“An exposition, no matter how true to the text, will die away ineffectively in a vacuum, if there is no possibility of a responsive echo from those who hear it.”

Karl Barth
I’ve recently been focusing my attention on the need to emphasize obedience within my house church. In leading any type of gathering, there is a tendency to devote all of our preparation and attention to the manner in which we deliver our content. In placing high efforts to package and deploy our words we often fail to lay out a framework that encourages, monitors and enables obedience in those we disciple. Instead of fostering an environment where dialogue can freely flow, we take the safe route and keep our eyes fixed on what we’ve prepared to share. We expect that if our exposition of the word is sound and well spoken, it should certainly elicit a courageous response. While there are some in our groups who may be of the fourth kind of soil, fertile and eager, many of those we serve passively swallow our content. In addition to a faithful exposition of scripture, we must understand the power of context. Although diligence in teaching and explaining the word of God is necessary, creating an environment that fosters digestion and obedience should have equal consideration.
I’ve been attempting to place a greater weight on obedience in my house church and I can see that this shift is not an easy one to make. I think by nature consumption is easier than application. Applying God’s word takes courage, time, and discipline. It’s not easy to bring God’s word full circle. I think that’s why many of us leaders don’t take the time to cultivate a structure that emphasizes this unpopular half.  I think settings that challenge sin or requires accountability don’t rank high among the masses. That’s why we unconsciously default to the easier half of packaging and deploying. It’s clean, it’s easy and no one gets uncomfortable.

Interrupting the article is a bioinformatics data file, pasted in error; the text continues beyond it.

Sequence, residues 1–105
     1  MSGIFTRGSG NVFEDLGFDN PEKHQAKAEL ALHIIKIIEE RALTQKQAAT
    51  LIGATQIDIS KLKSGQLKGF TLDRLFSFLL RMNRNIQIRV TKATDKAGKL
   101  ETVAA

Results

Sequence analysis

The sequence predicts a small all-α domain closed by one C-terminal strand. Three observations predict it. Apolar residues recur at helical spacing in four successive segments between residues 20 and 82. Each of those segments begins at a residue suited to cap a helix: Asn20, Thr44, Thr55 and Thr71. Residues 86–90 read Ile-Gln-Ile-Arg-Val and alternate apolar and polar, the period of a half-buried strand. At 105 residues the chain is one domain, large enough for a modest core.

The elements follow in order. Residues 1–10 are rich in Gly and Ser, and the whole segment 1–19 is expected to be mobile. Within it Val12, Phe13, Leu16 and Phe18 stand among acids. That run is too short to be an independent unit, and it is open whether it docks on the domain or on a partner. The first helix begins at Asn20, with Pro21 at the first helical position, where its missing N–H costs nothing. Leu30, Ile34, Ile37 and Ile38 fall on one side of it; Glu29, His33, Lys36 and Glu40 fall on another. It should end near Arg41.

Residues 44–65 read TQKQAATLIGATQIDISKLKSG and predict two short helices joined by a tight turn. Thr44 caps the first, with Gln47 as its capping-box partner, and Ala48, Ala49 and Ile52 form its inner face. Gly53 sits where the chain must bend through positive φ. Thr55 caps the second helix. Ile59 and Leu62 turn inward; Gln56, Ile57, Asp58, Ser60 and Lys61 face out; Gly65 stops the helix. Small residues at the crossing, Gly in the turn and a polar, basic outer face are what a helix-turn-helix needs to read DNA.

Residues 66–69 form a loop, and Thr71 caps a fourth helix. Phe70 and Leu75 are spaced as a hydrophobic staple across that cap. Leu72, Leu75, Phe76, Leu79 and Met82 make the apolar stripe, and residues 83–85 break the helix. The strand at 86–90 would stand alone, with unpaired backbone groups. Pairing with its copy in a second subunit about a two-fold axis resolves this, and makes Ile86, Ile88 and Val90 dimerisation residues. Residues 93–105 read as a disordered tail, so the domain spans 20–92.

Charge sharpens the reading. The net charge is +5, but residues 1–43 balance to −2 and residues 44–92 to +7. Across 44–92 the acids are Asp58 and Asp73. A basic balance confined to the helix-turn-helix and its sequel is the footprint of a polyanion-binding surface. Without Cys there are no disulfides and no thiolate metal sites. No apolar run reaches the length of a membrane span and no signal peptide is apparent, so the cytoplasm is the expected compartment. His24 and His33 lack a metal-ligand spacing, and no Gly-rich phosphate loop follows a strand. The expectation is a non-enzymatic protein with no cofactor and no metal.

Over the past few years I have been challenged to step back and wait for a response while doing discipleship or Bible studies. Instead of filling the void and silence with my own thoughts, jokes, examples and prepared teachings, I’ve taken a more conscious effort to let the awkwardness ride. To stop compensating for an inactive audience and to start letting the silents reveal our true state. It isn’t easy, but it’s definitely necessary in being a responsible leader, a leader who values the state of the disciple more than his/her popularity.
“Simply to live by the scriptures as you understand them. Simple, but revolutionary.”
A.W. Tozer
Related Post: The Cooking Class

One thought on “A Responsive Echo

  1. Profound. I reverted back to Jesus' explanation of the parable of the seed sower. Important enough to mention that this was the only parable Jesus decided to explain to His disciples. If the teacher/speaker/preacher, whomever it may be, acts as the farmer and scatters seed(words) in hopes that one may fall and bring about change. What if no seed fell anywhere that had potential to bring its intended purpose? That Sunday service would have been served better in bed or perhaps on the golf course. Luke's rendition of the parable had the best finishing narrative. The seed and its fruit are cultivated by PATIENCE and UNDERSTANDING. That understanding goes beyond the 45 minute sermon, as Jesse described prior. Patience, I believe, is developed by empirical evidence and trust in that what we have learned will manifest itself true when the time comes. I reference to when Jesus sends out the seventy disciples and they come back with reports of casting out demons. They heard and saw Jesus who gave them authority to do the same. Simple, yet profound. Every seed must be developed while hidden and downward creating a root that can withstand the thorns of this world. I second Jesse's thought in a different manner in that, can one powerpoint/keynote application point substantially change the course of ones discipleship?

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